The CCSD school board voted at the November meeting to move forward with the maintenance bond

by: RAMONA MCCALLISTER/CENTRAL OREGONIAN - Ochoco Elementary and Crooked River Elementary schools are under consideration for being replaced by a new school for the upcoming school maintenance bond that will come before voters in May 2013.

In October, the Crook County School District contracted with the Nelson Report out of Salem to conduct a phone survey of registered voters on their perception of the CCSD and a potential $33 million bond measure proposal.
   The most basic question on the survey was, “Would you support a $33 million bond that replaces Ochoco Elementary School and Crooked River Elementary School with a new school costing $18 million, and allocates the remaining $15 million to other district-wide renovations?”
   An overwhelming 60 percent favored the bond, with 28 percent opposed, and 12 percent who were unsure.
   The Crook County School Board voted unanimously at the last school board meeting to move forward with the CCSD facilities bond, which would come before voters in May 2013.
   At the November board meeting, the chairman of the CCSD facilities committee John Sundell made a presentation to the school board and a recommendation for the board to move forward with the bond, with the amount to be precisely defined by January. He also said the committee favored the recommendation to build a new school to replace Crooked River Elementary and Ochoco Elementary.
   He said that a political action committee needs to be organized to start on activities to market the bond.
   “We would like to see action on that sooner than later,” said Sundell.
   Out of the nine citizen members in the facilities committee, six have shown an interest in being part of the political action committee. He emphasized that the school board cannot advocate for the bond, but they can only inform voters.
   “The political action committee is entirely for advocating,” he noted.
   Sundell said that the precise amount of the bond cannot be established because of three significant open items. These include the narrowing down of dozens of maintenance projects needed in the district, the decision as to the site of a potential new school, and any changes in cost to the renovations or the cost of the potential school.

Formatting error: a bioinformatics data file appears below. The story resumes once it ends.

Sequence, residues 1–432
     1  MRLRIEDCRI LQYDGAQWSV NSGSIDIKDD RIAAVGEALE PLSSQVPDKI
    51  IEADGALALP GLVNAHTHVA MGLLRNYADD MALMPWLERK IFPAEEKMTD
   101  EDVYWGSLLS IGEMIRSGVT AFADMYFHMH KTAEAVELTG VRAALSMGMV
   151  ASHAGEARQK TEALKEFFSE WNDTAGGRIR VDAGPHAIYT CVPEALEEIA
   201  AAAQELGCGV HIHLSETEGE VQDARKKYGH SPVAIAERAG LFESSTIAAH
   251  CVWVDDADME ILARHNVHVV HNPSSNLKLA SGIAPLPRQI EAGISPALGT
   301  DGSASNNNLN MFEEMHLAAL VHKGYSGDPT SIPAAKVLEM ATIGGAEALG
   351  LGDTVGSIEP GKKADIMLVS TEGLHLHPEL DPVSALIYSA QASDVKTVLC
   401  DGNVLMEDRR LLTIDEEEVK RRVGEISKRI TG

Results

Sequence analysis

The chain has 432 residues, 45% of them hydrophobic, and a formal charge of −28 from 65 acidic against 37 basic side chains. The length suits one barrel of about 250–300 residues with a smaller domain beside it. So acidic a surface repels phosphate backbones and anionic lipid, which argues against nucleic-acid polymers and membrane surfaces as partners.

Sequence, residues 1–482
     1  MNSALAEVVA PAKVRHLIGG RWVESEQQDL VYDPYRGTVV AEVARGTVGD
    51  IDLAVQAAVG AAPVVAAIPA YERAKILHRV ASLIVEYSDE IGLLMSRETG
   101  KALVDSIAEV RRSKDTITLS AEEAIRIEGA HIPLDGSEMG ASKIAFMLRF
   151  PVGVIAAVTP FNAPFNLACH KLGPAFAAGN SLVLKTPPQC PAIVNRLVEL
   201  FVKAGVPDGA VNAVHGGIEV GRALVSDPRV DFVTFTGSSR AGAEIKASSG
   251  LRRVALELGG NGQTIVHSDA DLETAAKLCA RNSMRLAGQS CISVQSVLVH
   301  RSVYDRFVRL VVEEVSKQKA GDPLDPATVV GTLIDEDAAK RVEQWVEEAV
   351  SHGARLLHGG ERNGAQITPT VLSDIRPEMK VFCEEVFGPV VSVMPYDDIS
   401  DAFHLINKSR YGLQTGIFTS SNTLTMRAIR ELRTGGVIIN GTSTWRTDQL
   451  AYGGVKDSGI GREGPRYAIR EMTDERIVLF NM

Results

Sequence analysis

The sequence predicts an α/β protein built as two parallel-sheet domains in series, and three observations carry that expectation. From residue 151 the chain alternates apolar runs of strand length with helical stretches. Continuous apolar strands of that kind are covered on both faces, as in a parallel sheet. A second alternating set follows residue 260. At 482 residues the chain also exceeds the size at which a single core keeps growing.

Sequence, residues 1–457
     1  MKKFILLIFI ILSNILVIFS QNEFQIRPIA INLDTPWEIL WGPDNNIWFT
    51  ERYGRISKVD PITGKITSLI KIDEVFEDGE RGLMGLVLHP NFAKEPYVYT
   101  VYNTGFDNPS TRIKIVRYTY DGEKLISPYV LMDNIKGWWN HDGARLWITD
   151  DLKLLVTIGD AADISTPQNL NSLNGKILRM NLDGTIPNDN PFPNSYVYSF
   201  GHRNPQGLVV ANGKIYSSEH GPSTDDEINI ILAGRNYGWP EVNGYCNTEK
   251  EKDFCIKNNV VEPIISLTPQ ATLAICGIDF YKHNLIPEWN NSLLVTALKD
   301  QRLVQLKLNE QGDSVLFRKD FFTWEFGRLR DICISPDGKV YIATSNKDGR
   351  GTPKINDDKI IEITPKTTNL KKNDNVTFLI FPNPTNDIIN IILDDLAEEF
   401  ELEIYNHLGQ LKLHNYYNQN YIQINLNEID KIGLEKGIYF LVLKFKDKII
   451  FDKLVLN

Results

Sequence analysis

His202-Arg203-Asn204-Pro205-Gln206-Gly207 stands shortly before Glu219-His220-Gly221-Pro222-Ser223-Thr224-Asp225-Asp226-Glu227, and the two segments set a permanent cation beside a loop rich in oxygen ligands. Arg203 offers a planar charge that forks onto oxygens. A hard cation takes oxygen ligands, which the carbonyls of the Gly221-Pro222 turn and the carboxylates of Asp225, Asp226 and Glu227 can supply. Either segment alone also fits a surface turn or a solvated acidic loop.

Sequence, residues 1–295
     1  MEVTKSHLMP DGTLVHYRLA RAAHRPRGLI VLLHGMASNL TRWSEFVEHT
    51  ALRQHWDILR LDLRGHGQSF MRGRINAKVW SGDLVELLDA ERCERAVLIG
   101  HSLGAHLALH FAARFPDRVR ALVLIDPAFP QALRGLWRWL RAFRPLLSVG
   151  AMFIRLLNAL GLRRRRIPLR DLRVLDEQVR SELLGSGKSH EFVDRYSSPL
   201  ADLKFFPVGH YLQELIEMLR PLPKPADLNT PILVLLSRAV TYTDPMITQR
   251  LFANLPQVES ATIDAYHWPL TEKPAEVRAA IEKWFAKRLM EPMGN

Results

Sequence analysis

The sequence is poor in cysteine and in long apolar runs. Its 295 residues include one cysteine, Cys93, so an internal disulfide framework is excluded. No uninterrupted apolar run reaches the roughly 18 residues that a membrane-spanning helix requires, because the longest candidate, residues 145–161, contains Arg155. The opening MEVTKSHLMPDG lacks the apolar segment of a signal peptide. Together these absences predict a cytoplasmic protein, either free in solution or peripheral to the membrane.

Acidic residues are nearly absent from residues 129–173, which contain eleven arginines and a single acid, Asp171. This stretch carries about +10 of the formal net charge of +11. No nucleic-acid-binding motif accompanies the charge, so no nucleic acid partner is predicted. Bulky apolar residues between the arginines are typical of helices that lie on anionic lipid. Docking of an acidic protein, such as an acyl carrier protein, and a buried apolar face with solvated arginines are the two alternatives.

Former CCSD board member Rich Mires said on Friday that it makes good sense to move forward on the bond measure.
   Mires made the analogy that the bond measure was not like the political undertones of the potential fiscal cliff. The facilities committee put a lot of work developing a report that took into account the safety and environmental considerations.
   “Safety and environmental-wise, we are going to have to pour millions of dollars into those buildings, and we still have old buildings,” he noted.
   Mires said that the district and the community have a duty to educate kids. He compared the business of educating kids to any sound business practices in the business community or the lack thereof.
   “If you allow your building to deteriorate, your business is going to deteriorate,” he commented. “It happens. You’re going to lose good people, and you are going to lose the opportunity to produce whatever kind of product. Our product in this kind of environment is kids.”
   Smith said that they are also working on a final site for a potential new school. The details for the bond measure will be approved in December or January, and he added that they will need to do more research on any changes in cost since the facilities committee compiled their report approximately seven months ago.
    “For the first time in 20 years, the Crook County School District has got a bond (in process),” exclaimed Smith. “We are reading and studying from those around us who have done successful bonds, to figure out how to do it. There is no operations manual for this in our district.”
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